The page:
if you're writing code for your own use, and don't care about portability
or security, go ahead and use volatile as a synchronization primitive.
But if the code is going to be accepted into an open source project
that gets wide use, volatile is a bad idea. But don't take my word
for it; here's what kernel.org, cert.org, and an intel researcher say about it:
"Volatile considered harmful",
"The use of volatile is likely to be seen as a bug and will bring
additional scrutiny to the code."
"CERT Secure Coding Standards, recommendation POS03: Do not use
volatile as a synchronization primitive"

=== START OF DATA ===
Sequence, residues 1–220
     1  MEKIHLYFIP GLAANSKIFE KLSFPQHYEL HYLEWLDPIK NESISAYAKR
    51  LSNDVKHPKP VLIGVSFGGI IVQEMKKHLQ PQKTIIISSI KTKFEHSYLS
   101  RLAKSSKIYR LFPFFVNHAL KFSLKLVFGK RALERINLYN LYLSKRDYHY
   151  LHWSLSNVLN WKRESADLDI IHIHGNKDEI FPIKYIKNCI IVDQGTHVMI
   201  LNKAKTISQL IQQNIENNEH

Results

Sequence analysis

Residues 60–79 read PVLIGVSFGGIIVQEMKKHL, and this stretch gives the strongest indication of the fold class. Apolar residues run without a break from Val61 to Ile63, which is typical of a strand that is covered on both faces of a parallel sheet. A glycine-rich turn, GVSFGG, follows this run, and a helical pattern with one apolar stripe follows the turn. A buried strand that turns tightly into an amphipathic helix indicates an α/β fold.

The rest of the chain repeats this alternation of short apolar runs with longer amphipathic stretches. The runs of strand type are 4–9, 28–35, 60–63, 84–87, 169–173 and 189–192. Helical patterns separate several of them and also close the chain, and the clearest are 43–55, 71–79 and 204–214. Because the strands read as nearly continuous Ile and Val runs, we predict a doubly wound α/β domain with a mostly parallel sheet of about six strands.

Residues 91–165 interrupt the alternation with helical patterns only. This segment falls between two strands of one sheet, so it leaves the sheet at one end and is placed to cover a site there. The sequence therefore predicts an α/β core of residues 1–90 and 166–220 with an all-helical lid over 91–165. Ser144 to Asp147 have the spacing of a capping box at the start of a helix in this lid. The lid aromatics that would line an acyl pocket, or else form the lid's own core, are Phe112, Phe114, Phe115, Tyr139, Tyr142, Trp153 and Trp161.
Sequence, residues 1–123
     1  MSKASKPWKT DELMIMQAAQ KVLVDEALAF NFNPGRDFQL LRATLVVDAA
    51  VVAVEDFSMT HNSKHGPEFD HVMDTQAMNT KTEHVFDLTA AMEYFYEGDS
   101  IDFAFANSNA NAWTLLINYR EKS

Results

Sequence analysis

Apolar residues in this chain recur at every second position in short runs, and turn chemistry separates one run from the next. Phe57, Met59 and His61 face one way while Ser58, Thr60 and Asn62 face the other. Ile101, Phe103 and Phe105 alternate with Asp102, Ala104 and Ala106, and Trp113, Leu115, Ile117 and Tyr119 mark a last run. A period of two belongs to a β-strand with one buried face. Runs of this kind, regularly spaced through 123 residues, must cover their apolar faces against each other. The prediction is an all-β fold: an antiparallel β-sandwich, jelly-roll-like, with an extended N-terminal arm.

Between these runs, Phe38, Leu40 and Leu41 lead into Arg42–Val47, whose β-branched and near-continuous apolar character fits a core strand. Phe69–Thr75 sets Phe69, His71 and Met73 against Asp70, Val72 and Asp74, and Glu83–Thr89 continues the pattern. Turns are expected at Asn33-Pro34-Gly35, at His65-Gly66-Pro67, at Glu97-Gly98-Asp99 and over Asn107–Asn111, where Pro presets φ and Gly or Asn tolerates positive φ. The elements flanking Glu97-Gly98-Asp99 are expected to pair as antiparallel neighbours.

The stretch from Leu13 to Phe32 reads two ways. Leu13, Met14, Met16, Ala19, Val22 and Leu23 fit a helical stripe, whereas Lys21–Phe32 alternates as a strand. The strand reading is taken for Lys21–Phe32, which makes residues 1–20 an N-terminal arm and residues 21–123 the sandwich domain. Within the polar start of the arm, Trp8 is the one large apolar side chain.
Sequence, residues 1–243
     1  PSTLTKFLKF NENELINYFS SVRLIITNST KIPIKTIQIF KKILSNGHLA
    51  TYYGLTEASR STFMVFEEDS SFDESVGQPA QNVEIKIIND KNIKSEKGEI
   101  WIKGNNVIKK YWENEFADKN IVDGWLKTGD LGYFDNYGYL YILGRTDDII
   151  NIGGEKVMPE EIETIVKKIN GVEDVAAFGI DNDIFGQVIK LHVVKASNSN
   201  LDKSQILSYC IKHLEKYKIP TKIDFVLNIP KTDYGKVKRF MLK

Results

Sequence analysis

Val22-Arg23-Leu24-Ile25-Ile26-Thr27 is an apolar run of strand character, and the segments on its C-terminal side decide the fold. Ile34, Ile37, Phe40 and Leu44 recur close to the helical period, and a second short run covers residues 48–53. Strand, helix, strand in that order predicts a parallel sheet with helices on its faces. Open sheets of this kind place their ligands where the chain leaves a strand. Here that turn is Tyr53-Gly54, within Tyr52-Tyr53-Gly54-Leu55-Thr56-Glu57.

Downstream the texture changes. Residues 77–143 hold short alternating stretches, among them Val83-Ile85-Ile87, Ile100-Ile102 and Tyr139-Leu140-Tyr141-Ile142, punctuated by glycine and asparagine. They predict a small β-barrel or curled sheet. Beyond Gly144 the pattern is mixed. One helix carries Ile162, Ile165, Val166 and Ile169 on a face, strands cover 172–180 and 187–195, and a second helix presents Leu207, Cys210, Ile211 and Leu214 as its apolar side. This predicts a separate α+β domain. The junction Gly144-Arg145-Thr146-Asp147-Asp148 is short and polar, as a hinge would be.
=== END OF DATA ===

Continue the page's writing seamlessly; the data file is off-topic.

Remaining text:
"A variable declared as volatile is not cached in a register, leading
to this confusion that it can be used safely as a synchronization
primitive. When declared volatile, the compiler does not re-order the
sequence of reads and writes to that memory location. However, the
compiler might re-order these reads and writes with those to other
memory locations. This might result in non-atomic operations on the
synchronization variable resulting in errors."
"Ad Hoc Synchronization Considered Harmful",
"Ad hoc synchronizations are error-prone. Significant percentages
(22-67%) of these ad hoc synchronizations introduced bugs or severe
Volatile is a 1980's solution to a 2000's problem, and it just doesn't
cut the mustard anymore.
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